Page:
A 32-year-old Menifee woman accused of committing identity theft to steal over $500,000 in unemployment benefits made available under the federal coronavirus aid bill was charged Friday with mail fraud and other offenses.
Cara Marie Kirk-Connell was arrested without incident at her home based on the complaint filed by the U.S. Attorney’s Office, which stemmed from an investigation that began on Sept. 11.
Along with mail fraud, Kirk-Connell is charged with identity theft and access device fraud, specifically debit cards.
Kirk-Connell is in federal custody in Orange County and is slated to make her initial appearance at U.S. District Court in Riverside Tuesday.
According to prosecutors, Kirk-Connell was stopped by Murrieta police officers after an alleged traffic violation in the city on Sept. 11, culminating in a search of her vehicle, where officers allegedly discovered eight California Employment Development Department debit cards bearing other people’s names, along with $30,000 cash and several fake driver’s licenses.
Kirk-Connell was released pending further investigation by U.S. Postal Service inspectors, the EDD’s Fraud Investigation Unit and IRS.
According to the U.S. Attorney’s Office, the ensuing investigation revealed that Kirk-Connell used the “dark web” to collect unnamed individuals’ personal information, which was then placed in applications for expanded jobless benefits available under the coronavirus aid bill.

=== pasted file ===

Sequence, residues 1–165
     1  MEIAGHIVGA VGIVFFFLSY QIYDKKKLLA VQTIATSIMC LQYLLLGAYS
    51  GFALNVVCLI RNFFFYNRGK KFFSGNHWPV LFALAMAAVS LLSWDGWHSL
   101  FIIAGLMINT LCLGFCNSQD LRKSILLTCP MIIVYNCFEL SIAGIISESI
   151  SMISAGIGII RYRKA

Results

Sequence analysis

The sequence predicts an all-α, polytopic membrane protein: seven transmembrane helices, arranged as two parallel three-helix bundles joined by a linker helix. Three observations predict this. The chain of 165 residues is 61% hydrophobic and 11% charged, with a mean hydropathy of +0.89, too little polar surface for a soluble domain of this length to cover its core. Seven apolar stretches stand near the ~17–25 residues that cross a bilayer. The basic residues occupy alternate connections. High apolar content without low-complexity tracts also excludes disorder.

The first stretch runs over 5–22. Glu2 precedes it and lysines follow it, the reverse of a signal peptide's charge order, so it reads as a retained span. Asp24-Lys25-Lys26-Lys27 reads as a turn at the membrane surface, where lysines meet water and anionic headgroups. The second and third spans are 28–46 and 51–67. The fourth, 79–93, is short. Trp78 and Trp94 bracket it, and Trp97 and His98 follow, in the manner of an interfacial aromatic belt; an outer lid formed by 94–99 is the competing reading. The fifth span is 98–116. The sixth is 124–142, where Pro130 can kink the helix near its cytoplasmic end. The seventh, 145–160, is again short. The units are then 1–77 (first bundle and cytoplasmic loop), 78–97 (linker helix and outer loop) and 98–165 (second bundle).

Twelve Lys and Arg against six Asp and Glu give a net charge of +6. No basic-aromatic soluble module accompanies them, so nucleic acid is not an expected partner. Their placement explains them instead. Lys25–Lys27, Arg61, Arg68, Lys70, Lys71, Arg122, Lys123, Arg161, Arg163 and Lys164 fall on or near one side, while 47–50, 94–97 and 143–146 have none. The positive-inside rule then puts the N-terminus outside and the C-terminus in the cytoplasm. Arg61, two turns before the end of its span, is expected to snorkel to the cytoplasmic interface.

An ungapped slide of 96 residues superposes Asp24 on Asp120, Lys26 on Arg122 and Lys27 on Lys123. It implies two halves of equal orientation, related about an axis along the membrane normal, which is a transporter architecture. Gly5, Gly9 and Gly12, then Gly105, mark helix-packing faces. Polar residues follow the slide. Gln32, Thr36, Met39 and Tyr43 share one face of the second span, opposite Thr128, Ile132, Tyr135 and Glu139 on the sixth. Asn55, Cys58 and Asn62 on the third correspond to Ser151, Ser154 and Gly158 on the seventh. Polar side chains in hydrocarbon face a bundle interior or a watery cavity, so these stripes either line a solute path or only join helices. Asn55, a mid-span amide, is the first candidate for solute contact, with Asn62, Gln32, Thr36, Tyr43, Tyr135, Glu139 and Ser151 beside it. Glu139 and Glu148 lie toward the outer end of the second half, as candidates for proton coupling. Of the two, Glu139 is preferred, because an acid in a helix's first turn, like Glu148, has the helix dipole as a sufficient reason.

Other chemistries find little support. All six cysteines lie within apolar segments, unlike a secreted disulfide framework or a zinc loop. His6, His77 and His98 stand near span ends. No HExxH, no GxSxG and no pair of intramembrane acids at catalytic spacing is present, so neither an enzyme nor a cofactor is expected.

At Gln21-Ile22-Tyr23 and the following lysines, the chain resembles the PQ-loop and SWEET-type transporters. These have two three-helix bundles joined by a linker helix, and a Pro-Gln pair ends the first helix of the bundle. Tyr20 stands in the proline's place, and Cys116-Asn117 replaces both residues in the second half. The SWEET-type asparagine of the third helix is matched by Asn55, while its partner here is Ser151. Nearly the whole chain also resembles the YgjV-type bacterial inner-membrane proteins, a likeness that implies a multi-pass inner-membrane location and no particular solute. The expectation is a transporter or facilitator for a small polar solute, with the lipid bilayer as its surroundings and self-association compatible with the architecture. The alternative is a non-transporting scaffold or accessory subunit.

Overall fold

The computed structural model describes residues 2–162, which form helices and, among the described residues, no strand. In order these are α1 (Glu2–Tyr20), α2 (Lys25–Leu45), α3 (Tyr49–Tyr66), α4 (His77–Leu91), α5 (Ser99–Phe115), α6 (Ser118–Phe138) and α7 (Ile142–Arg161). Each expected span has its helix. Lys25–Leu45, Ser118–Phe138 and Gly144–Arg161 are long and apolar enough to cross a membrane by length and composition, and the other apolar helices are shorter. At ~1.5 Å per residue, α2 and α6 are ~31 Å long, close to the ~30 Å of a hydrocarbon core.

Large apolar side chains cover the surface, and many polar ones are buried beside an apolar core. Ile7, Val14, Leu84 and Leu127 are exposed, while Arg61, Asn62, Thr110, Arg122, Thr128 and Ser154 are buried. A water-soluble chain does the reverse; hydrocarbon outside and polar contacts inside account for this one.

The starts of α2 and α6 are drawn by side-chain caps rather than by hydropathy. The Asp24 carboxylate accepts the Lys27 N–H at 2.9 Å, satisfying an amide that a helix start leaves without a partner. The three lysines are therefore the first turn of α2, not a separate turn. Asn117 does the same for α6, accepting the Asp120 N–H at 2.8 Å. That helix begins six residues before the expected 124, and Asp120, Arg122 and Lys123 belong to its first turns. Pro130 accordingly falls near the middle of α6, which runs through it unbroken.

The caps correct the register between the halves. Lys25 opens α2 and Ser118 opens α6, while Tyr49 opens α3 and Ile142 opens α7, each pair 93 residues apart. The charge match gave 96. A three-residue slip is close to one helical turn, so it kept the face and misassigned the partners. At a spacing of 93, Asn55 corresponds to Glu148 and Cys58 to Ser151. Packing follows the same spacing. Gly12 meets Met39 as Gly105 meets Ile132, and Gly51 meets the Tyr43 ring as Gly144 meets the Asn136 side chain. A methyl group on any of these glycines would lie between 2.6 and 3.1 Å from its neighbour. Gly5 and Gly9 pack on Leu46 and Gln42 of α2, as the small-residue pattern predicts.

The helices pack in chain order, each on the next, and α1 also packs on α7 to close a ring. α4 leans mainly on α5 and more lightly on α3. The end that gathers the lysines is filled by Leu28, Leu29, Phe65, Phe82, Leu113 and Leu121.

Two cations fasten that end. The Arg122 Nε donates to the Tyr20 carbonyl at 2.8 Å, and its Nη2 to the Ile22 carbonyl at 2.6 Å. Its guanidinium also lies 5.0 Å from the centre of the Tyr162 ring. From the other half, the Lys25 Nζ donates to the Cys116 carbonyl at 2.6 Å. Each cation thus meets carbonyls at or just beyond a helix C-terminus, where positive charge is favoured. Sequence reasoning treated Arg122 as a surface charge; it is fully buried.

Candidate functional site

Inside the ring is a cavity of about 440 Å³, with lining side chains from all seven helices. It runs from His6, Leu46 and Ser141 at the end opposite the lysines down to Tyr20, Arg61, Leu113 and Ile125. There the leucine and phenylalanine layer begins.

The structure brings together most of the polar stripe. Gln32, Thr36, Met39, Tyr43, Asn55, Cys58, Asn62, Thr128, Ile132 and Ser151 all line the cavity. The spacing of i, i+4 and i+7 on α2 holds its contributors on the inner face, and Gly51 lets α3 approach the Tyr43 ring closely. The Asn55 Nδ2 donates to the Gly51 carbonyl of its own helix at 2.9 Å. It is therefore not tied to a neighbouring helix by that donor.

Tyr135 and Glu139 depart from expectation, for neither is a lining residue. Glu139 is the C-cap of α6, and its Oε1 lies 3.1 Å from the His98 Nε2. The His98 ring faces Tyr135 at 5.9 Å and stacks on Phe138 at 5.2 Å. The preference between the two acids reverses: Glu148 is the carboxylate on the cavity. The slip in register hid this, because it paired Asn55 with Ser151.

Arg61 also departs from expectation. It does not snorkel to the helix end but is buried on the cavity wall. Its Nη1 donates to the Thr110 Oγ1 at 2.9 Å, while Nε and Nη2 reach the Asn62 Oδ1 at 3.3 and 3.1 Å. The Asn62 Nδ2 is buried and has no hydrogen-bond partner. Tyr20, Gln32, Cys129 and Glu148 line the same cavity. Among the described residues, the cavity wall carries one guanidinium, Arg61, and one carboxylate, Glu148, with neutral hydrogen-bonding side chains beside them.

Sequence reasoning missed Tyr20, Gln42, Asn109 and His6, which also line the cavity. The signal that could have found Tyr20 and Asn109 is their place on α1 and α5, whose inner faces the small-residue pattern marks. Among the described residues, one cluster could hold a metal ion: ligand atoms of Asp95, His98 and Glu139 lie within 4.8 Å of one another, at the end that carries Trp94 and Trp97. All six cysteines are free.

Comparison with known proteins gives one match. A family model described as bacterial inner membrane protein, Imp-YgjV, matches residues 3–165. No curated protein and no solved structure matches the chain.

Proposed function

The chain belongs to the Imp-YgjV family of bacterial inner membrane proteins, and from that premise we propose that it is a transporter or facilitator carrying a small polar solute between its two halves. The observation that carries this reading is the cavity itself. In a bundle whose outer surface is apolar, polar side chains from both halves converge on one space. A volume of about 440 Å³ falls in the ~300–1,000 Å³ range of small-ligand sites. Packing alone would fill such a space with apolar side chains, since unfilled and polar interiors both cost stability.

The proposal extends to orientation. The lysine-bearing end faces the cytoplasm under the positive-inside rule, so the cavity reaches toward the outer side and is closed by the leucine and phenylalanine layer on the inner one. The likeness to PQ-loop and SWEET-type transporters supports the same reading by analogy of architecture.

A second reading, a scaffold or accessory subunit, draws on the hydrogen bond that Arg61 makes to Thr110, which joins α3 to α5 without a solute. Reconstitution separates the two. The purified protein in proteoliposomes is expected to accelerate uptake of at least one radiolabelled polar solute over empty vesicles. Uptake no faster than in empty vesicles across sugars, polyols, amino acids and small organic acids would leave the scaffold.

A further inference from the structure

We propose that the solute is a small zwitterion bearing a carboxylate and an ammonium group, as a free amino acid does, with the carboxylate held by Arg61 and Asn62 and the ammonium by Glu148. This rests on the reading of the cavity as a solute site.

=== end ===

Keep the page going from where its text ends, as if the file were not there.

The EDD processed the applications and sent debit cards loaded with relief funds totaling $534,149, prosecutors said. The cards were sent to an address Kirk-Connell had established to receive the EDD benefits, according to court documents.
“Once she received the debit cards … she would activate them by using the victims’ Social Security numbers as well as PINs she had chosen, and then make numerous ATM withdrawals and other expenditures,” according to a U.S. Attorney’s Office statement.
By the time of her initial detainment, $270,000 had been spent, prosecutors said.
If convicted, Kirk-Connell could face up to 32 years in federal prison.
Concerns about EDD fraud have been raised by several elected officials, most prominently Sen. Melissa Melendez, R-Lake Elsinore.
Melendez introduced a proposal for an audit of the EDD before the Legislature adjourned last month, but it was rejected on a party-line vote. She repeatedly urged Gov. Gavin Newsom to order an audit well before his Sept. 20 decision to suspend the processing of all new jobless claims for two weeks because of system overload.
Melendez’s office has received complaints from residents whom she said turned over dozens of envelopes from EDD containing other people’s information, with addresses in San Jose, San Diego and elsewhere.
An EDD spokeswoman told City News Service last month the mailings were the result of fraud.
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